Focusing on the above will reduce strong token-token price correlations that we still see today.

To back this idea, lets look at what the Uniswap V2 contract does for a Token called DEEP against DAI with various levels of LP.

Say DEEP has 1M tokens outstanding (issued or equally called the float - what the market has to buy and sell).

Lets say DEEP is worth 1 DAI and look at how much the price can move in the Uniswap TOken-DAI liquidity contract based on how many % of the float is locked in the contract at the 1DAI/TOKEN price ratio.

One can run the numbers on these and we find. if one can get to 33.33% of all the liquidity in one or more contracts that the price can’t change by more than a factor of 10 down (90% down) because it would take more than all the rest of the available liquidity to make that happen. With 10% of available liquidity the price can drop a factor of 100 (or 99% down), etc.

If this liquidity were split between DEEP-DAI and DEEP-ETH say and the DEEP price was perfectly 1:1 correlated with ETH then the 15% of the DEEP liquidity in the DEEP-ETH pair would be useless in the above calculation because there would be no change in the DEEP-ETH ratio while the price of DEEP dropped 4x this pair wouldn’t give or soak up liquidity where as the DEEP-DAI would. Contrast this with if the above liquidity was split between stablecoins. In this case the liquidity/price calculation above is valid and there would further be arbitrage opportunities between the DEEP-DAI and DEEP-USDC liquidity BUT in this case the trade slippage would be larger by sqrt(2) on each pair.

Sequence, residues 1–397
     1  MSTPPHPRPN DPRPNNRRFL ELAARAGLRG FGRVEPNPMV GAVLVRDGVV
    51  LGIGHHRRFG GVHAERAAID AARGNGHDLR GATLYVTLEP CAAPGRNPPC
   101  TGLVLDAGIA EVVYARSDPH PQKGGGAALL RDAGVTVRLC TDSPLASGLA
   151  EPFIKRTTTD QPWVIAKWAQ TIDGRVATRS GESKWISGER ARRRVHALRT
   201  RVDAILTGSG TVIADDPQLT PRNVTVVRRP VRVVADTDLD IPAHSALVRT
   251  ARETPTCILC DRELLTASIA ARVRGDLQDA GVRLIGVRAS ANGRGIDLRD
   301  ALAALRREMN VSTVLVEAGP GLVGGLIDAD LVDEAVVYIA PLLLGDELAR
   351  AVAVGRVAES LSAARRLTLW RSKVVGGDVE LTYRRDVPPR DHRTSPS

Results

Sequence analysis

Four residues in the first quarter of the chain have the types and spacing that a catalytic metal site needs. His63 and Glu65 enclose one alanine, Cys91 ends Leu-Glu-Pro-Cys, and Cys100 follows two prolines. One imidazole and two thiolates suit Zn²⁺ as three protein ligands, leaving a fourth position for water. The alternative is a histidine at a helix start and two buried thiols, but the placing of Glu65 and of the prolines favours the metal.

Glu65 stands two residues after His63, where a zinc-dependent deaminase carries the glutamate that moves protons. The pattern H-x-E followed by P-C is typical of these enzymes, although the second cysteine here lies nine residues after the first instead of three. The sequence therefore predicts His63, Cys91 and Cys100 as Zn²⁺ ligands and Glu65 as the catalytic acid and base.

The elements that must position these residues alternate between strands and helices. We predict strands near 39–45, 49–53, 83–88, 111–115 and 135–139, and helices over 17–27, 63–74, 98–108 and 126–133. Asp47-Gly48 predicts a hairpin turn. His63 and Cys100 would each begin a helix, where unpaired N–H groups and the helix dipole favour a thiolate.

Now due to the fact that bridging between networks has a time and expense component, often times there is a reason to split liquidity between networks, but as long as communities realize this split should occur so that the token deep liquidity is sought against a stablecoin then price support via network arbitrage across networks will retain the above characteristics. This is because the pairing is always against a coin of hard stable value vs. one that fluctuates, is weakly correlated, or worse is significantly correlated.